Tags: Investors | Risky | Chinese | Debt

Global Investors May Regret Bets on Risky Chinese Debt

Global Investors May Regret Bets on Risky Chinese Debt
(Dollar Photo Club)

By    |   Tuesday, 18 April 2017 08:09 AM

Investors reportedly may have underestimated the depth of their gamble as China’s riskiest corporate bonds are looking disproportionately expensive, as a tighter monetary policy and painful industrial restructuring weaken companies’ ability to repay debt.

“The unexpected popularity of bonds with low credit ratings in recent months, despite expectations of rising debt defaults and Beijing’s pledge to reduce leverage in financial markets, is the latest example of the constant anomalies in the world’s third-largest but still underdeveloped $9 trillion bond market,” The Wall Street Journal explained.

“Such an anomaly further distorts a market where longstanding flaws including the lack of a rigorous credit-rating system and proper pricing of risk have weakened the ability of both bond issuers and investors to gauge their future risks more accurately. Concerns about these problems remain a big stumbling block for Beijing to attract strong foreign interest despite a landmark decision more than a year ago to open its bond market to global investors,” the Journal explained.

“The gap between the average yields on five-year AA- and AAA-rated corporate bonds, a popular measure in China of how much more lower-graded debt issuers compensate investors for higher risk, has narrowed to its thinnest level on record,” WSJ.com explained.

The so-called credit spread is now 49 basis points, down from around 90 basis points in late July, shortly before Beijing started reversing an easy-money policy that has kept its economy humming along at the expense of a ballooning debt pile and inflated asset prices.

China’s central bank has made a series of moves since August—first cutting the supply of cheap short-term loans to banks and, more recently, twice raising the cost of such loans—to slow a debt-fueled investment boom.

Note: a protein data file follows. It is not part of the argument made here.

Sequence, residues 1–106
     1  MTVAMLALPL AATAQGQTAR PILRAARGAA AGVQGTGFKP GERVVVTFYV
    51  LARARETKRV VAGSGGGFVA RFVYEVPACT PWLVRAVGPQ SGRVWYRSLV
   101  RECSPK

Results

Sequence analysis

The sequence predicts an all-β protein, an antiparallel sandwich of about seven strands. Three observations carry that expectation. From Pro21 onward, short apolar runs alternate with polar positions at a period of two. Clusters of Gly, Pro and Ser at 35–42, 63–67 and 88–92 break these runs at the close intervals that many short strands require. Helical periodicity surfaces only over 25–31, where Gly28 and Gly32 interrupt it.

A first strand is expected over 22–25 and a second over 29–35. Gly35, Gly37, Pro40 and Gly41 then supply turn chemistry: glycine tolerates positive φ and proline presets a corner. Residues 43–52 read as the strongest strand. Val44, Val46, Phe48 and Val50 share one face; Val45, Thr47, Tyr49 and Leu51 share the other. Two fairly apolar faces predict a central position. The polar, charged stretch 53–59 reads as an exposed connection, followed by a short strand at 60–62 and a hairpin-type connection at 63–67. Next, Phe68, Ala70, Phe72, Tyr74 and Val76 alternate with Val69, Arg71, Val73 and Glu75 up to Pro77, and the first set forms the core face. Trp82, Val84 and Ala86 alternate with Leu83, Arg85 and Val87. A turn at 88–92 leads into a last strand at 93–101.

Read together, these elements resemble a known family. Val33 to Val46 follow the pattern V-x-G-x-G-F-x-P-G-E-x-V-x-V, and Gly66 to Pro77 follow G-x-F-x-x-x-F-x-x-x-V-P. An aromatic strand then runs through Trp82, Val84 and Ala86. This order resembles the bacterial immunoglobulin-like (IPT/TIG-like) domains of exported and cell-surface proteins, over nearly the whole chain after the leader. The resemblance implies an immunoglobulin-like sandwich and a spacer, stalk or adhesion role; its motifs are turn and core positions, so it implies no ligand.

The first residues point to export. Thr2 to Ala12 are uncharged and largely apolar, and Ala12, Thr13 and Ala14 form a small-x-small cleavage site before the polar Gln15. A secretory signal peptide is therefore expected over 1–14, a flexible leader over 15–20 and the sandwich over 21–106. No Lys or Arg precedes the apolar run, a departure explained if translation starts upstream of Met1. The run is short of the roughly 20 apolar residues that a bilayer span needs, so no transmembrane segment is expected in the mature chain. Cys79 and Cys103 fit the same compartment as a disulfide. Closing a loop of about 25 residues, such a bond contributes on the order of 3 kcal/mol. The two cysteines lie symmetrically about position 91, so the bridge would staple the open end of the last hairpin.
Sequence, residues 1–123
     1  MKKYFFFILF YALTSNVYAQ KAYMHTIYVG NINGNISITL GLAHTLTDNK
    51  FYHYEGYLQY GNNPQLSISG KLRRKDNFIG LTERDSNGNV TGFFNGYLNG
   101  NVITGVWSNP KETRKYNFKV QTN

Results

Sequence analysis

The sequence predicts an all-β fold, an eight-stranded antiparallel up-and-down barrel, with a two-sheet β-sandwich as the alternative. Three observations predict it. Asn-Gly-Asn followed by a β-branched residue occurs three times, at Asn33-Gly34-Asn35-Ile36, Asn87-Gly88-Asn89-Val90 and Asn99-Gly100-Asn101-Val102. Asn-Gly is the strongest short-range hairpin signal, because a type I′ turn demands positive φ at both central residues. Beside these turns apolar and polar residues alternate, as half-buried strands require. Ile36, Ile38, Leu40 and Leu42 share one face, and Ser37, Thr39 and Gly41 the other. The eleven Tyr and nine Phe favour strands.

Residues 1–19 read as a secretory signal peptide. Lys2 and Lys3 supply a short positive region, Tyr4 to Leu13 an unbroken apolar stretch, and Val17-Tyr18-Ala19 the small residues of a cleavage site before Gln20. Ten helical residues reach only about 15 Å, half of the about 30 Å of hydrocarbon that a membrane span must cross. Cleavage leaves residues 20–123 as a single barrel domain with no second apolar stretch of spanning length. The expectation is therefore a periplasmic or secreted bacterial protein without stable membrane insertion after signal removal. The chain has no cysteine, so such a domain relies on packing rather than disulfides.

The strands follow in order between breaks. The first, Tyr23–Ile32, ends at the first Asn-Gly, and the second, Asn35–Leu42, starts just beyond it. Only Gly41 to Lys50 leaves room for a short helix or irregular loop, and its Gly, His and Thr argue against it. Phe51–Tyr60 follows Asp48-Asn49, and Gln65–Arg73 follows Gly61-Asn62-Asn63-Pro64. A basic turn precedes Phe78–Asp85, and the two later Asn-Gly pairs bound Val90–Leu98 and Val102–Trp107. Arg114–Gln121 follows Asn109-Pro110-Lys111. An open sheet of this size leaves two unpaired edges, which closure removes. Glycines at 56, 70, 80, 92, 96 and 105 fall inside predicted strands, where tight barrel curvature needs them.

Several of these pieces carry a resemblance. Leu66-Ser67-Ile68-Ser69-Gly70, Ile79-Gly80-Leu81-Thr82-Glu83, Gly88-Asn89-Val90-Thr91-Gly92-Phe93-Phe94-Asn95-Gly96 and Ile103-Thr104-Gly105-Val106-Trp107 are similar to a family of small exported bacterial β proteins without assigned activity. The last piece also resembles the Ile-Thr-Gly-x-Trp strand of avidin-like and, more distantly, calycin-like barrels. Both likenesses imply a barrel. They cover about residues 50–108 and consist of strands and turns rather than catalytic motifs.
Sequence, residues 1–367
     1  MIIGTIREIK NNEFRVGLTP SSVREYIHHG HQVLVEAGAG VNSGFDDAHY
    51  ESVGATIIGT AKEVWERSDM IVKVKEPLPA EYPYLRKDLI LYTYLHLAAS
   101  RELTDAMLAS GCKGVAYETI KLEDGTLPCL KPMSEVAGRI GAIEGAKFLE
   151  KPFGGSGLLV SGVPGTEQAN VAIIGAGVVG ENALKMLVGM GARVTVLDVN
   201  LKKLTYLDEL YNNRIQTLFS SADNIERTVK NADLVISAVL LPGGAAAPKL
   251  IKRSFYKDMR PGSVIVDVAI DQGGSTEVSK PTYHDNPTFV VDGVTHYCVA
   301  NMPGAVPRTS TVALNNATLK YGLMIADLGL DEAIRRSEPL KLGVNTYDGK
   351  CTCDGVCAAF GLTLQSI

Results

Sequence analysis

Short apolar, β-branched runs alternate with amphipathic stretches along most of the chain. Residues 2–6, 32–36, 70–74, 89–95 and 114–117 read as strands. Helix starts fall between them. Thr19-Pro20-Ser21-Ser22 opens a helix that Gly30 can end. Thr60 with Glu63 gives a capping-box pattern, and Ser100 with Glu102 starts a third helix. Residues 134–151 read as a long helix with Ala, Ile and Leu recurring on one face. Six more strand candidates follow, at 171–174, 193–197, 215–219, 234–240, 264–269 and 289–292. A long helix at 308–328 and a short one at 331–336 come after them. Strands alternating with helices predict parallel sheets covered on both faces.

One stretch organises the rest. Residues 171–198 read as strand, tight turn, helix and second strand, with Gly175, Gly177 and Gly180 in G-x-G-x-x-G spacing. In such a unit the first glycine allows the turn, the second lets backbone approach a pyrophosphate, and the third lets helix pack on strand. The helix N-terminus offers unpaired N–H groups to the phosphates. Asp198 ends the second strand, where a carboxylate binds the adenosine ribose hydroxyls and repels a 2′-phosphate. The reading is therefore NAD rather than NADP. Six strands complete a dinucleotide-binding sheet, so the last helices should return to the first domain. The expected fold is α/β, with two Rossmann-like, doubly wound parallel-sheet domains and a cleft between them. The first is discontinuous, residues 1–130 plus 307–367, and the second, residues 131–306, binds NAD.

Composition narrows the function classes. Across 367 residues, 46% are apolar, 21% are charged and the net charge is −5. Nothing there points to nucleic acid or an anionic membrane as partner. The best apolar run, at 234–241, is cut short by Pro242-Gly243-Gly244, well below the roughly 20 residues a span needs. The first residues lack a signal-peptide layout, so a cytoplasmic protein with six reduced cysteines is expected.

“There’s been no notable improvement in corporate fundamentals in China, so the recent spread tightening can only be a temporary phenomenon,” said Ivan Chung, an analyst at Moody’s Investors Service.

“In many cases the spread is too tight to reflect the worrisome fundamentals of the issuers, which adds to the systemic risk in the entire bond market,” said Gu Weiyong, general manager of Ucon Investments, a Shanghai private-equity fund.

However, global investors also may be getting cold feet about American debt as well.

Foreigners sold Treasuries in February for a third straight month, data from the U.S. Treasury department showed on Monday, continuing a trend that has been in place since Donald Trump's election as president in November, Reuters reported.

The U.S. Treasury debt market showed an outflow of $13.5 billion, with both private investors and foreign official institutions such as central banks selling the country's government bonds.

"We had a significant change in sentiment on interest rates and the Federal Reserve, especially toward the end of the month, because we had good economic data," said Tom Simons, money market economist, at Jefferies & Co in New York.

"At the same time, nothing negative had come out of Washington yet and so we were still riding that optimism about Trump," he added.

(Newsmax wires services contributed to this report).

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Prices of lower-grade corporate bonds soar as yield spread narrows
Investors, Risky, Chinese, Debt
Tuesday, 18 April 2017 08:09 AM
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